Montana Earth Science Picture of the Week

Glacial Trough in Southcentral Montana

This photo was taken along the Beartooth Highway about 20 miles southwest of Red Lodge (as the crow flies) and 5 miles north of the Wyoming border. A portion of the highway is visible just to the left of the photo’s center. The Beartooth Highway and the Going To the Sun Road in Glacier National Park are two of the most scenic drives in the USA.

Gimmie a ”V”! . . . Or is that “U”? . . .
The valley shown in the photo is a great example of a “glacial trough” sculpted by an alpine glacier that flowed though here during the last ice age over 10,000 years ago. Valleys carved by rivers in mountainous areas tend to have distinct V-shapes, whereas those shaped by glaciers tend to be U-shaped. During the ice ages glaciers formed in Montana’s high mountainous areas near the upper portions of river basins and then flowed down through river valleys. Along the way the glaciers plucked rock material from the valley walls, widening and re-shaping them as they plowed through.

Where melting equals movement. . .
Eventually, as these glaciers flowed out of the mountains they reached elevations where they began to melt back as fast as they were flowing downward. While the climate was stable, the front (toe) of the glacier stayed in one place for decades. As a result any rocks that were embedded in the ice and stuck to the bottom or the sides of the glacier were deposited there, forming a ridge of rock material called an end moraine. For the glacier that widened this valley the moraine is located about 12 miles north of Red Lodge. Since we are in what paleoclimatologists refer to as an interglacial period, a river (Rock Creek) once again occupies the U-shaped trough.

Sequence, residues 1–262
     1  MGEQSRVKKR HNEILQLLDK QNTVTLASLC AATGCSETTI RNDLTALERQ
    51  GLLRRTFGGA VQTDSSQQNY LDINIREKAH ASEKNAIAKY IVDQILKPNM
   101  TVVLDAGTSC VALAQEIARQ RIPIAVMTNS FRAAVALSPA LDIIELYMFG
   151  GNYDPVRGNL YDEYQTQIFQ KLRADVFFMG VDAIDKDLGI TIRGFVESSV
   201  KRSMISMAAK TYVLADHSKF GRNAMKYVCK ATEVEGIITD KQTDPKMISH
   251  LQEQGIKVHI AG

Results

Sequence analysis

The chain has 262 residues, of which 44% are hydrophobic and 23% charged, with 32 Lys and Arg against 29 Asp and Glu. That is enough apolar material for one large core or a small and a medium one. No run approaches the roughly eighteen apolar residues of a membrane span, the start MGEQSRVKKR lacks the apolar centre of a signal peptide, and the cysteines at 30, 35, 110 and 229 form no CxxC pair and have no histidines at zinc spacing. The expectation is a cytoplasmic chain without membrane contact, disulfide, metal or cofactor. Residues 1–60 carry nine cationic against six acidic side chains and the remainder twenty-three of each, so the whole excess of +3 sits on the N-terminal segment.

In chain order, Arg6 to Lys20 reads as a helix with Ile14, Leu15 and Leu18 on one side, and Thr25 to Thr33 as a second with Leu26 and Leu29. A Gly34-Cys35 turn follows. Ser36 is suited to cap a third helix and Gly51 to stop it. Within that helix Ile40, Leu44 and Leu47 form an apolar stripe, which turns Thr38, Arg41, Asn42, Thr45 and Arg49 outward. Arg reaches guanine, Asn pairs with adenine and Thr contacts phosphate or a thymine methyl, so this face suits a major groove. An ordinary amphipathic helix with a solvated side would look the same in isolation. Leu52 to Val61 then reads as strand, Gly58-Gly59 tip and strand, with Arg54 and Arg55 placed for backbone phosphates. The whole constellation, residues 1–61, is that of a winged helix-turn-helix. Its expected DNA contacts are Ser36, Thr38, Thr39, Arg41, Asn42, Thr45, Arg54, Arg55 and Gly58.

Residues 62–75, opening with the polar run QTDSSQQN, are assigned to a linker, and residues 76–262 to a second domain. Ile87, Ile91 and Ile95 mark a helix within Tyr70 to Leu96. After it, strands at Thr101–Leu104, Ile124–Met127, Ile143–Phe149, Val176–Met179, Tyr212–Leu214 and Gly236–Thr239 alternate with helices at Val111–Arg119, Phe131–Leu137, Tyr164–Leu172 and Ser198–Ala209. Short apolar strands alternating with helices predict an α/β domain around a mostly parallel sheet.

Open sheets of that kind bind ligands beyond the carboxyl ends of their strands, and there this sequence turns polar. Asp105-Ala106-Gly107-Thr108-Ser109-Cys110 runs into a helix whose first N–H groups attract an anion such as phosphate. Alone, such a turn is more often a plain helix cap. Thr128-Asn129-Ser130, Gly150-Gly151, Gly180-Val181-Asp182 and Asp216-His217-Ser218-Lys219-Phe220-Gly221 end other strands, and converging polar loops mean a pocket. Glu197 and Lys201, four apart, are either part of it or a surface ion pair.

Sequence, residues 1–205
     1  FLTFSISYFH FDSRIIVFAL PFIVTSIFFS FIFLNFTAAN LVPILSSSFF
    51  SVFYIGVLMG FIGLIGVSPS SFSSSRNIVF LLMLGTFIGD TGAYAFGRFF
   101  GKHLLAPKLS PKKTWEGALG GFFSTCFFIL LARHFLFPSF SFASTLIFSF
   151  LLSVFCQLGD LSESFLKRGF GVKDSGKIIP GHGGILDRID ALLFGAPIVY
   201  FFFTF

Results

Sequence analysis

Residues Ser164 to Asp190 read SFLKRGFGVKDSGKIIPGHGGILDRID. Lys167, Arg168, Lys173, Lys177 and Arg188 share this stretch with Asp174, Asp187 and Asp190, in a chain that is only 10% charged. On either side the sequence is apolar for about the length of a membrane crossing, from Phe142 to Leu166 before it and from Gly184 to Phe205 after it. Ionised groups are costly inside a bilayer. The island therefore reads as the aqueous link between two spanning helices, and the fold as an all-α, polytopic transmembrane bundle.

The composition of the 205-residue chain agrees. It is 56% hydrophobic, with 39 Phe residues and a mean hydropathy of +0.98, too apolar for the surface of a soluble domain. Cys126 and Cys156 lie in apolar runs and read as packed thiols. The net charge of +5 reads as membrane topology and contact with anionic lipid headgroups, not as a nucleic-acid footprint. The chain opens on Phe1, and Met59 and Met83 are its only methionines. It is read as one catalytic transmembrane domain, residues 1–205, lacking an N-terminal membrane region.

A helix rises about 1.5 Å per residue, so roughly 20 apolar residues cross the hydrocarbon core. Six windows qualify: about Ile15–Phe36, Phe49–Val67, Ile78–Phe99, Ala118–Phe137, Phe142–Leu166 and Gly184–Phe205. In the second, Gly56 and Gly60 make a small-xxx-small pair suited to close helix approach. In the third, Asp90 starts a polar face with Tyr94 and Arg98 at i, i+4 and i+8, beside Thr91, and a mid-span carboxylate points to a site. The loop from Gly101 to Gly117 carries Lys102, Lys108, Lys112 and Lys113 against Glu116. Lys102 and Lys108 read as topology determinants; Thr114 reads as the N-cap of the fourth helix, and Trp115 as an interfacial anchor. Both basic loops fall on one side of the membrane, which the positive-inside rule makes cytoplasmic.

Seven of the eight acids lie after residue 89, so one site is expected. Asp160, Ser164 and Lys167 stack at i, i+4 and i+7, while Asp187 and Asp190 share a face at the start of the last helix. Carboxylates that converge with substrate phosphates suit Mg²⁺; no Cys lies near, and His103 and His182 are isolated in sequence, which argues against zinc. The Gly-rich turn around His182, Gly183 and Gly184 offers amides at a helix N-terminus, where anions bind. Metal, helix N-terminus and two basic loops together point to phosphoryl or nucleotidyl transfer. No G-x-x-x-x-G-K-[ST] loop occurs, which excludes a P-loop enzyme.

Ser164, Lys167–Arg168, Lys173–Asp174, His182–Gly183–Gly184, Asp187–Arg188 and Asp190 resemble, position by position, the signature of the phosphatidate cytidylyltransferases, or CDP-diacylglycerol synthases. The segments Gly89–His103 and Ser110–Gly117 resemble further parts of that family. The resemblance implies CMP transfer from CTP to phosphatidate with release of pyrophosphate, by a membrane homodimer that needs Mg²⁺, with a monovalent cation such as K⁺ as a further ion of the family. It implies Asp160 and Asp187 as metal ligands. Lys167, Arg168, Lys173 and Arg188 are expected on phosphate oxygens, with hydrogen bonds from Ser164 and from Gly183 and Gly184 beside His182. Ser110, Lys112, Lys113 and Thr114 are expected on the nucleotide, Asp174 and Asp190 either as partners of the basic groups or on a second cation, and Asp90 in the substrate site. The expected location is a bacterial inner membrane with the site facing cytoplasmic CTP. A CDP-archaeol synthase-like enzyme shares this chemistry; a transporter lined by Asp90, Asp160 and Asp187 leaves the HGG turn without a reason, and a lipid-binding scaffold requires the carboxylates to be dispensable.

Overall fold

Don’t be in such a hurry!. . .
The Beartooth Scenic Highway, also known as (the Cooke City Highway”) is a drive that every Montanan should take. If you don’t stop, it takes bout 2.5 hours to get from Billings to Cooke City. But don’t hurry! Be sure to take several stops along the way, including the beautiful “scenic turnout” where this photo was taken from. The turnout has a nice parking lot, restrooms, and a walkway that offers breathtaking views of the valley below and the surrounding Beartooth Plateau. The short walkway is constructed primarily of gneiss, a rock formed as granite is changed by heat and/or pressure. To take the highway, turn south at Laurel and continue south through Red Lodge.

Terms: interglacial period, alpine


*Hanging Valleys?
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By Rod Benson
Earth Science Teacher at Helena High School

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